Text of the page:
Daily Archives: August 17, 2012
This Saturn SUV was turned in to a local car lot on trade. The car is very clean … except for the crease in the back bumper. You an see the crease in the first photo, taken just after the car arrived at the shop yesterday evening.
This is a minor issue, easily repaired by simply replacing the rear bumper cover and hatch. You can see that Chris wasted no time in getting the bumper cover off the car this morning. When the new cover and hatch arrive we will get them painted, put on the car, and this little SUV will be ready to got back into service as a nice clean car.
Nobody is perfect, and I am no exception. Back when I first started my business I was taking any and all work that I could get. This truck was one of my early projects. Back then I tried to do it all … engine installs, suspension … the works … in addition to the paint and body because I needed the work and I couldn’t afford to farm anything out.
In the last couple of years or so, however, my work as grown and I find that I no longer have the time to do the things I am not good at … like the mechanical work. So this poor truck has just been sitting in the shop, waiting for Murphy Rod & Custom to free up some time in their busy schedule to take this truck and finish it.
The paint and body is done so every now and then I push the truck out of the shop, blow the dust off, recover the truck and put it back in it’s place. Today was that day … and I wanted to get a picture of it out in the sunlight.
When the El Camino was delivered to the shop I took once look at the valance, the bit of the car just in front of the hood, and suggested to the owner that he would be better off just buying a new one. The one included with the car was, well, I think the technical term is hammered.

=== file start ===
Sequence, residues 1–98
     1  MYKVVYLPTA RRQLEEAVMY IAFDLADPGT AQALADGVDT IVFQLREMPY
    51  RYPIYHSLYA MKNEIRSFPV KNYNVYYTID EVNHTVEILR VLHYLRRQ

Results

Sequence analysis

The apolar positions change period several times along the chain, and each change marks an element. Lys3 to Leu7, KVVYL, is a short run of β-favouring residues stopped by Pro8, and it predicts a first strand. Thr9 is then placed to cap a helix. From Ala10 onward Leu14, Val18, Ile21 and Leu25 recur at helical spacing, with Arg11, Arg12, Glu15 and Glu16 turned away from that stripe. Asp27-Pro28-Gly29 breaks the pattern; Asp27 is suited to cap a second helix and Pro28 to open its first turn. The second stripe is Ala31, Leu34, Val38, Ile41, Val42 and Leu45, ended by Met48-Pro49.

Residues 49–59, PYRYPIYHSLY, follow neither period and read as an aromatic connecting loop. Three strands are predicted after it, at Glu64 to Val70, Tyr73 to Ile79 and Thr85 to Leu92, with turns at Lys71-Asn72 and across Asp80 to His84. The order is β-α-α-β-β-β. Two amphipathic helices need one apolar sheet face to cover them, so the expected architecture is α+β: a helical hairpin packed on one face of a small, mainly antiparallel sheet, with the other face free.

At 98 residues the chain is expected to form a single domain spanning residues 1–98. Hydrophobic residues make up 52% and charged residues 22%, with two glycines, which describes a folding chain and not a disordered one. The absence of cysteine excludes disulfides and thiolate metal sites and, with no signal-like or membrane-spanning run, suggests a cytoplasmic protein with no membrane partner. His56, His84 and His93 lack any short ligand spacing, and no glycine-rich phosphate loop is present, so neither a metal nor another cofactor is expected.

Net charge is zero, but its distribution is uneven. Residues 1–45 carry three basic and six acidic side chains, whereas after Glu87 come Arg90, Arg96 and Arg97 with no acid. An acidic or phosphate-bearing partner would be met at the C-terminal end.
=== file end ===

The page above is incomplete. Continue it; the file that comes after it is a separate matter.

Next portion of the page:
Yesterday we painted the new valance along with the hood. When we pushed the hood and valance together, with the intention of striping them together, we ran into a … problem. The new valance wasn’t even close to matching the hood. After much head scratching I decided that the best course of action was to fix the old one.
In the first picture you can see the original valance with all the old body filler ground out and the metal sanded. After several hours of applying body filler then blocking it off the valance is restored to usable condition. You can see some loon in the second picture showing it off like a record breaking fish. You can also see in the second picture that we used a fair amount of body filler, along with several whacks with a hammer, to smooth up all the dents, dings and blemishes.
Also, near the end of the day, Chris and I spent a few minutes seam sealing the doors so they can be painted. You can see me applying the seam sealer in the third photo while Chris spread it smooth in the fourth.
Seam sealer is like caulking for cars. It is applied to gaps and holes as filler so that water can’t get into places and start rust. As the old saw goes, “Rust never sleeps,” and while that may be true, I do my best to make it work for it if it is going to rust out a car I work on.